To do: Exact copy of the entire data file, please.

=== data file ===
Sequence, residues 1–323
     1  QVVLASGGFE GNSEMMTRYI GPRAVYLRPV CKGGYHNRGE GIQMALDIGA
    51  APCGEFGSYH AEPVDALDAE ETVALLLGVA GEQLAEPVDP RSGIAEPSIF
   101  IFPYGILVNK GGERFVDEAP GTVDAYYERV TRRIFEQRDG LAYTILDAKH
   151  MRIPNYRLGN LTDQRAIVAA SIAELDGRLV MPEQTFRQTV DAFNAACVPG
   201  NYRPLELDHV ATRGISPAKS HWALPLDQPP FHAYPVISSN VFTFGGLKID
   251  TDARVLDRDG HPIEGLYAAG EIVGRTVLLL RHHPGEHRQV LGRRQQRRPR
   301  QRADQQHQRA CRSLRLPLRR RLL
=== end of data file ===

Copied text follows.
Sequence, residues 1–323
     1  QVVLASGGFE GNSEMMTRYI GPRAVYLRPV CKGGYHNRGE GIQMALDIGA
    51  APCGEFGSYH AEPVDALDAE ETVALLLGVA GEQLAEPVDP RSGIAEPSIF
   101  IFPYGILVNK GGERFVDEAP GTVDAYYERV TRRIFEQRDG LAYTILDAKH
   151  MRIPNYRLGN LTDQRAIVAA SIAELDGRLV MPEQTFRQTV DAFNAACVPG
   201  NYRPLELDHV ATRGISPAKS HWALPLDQPP FHAYPVISSN VFTFGGLKID
   251  TDARVLDRDG HPIEGLYAAG EIVGRTVLLL RHHPGEHRQV LGRRQQRRPR
   301  QRADQQHQRA CRSLRLPLRR RLL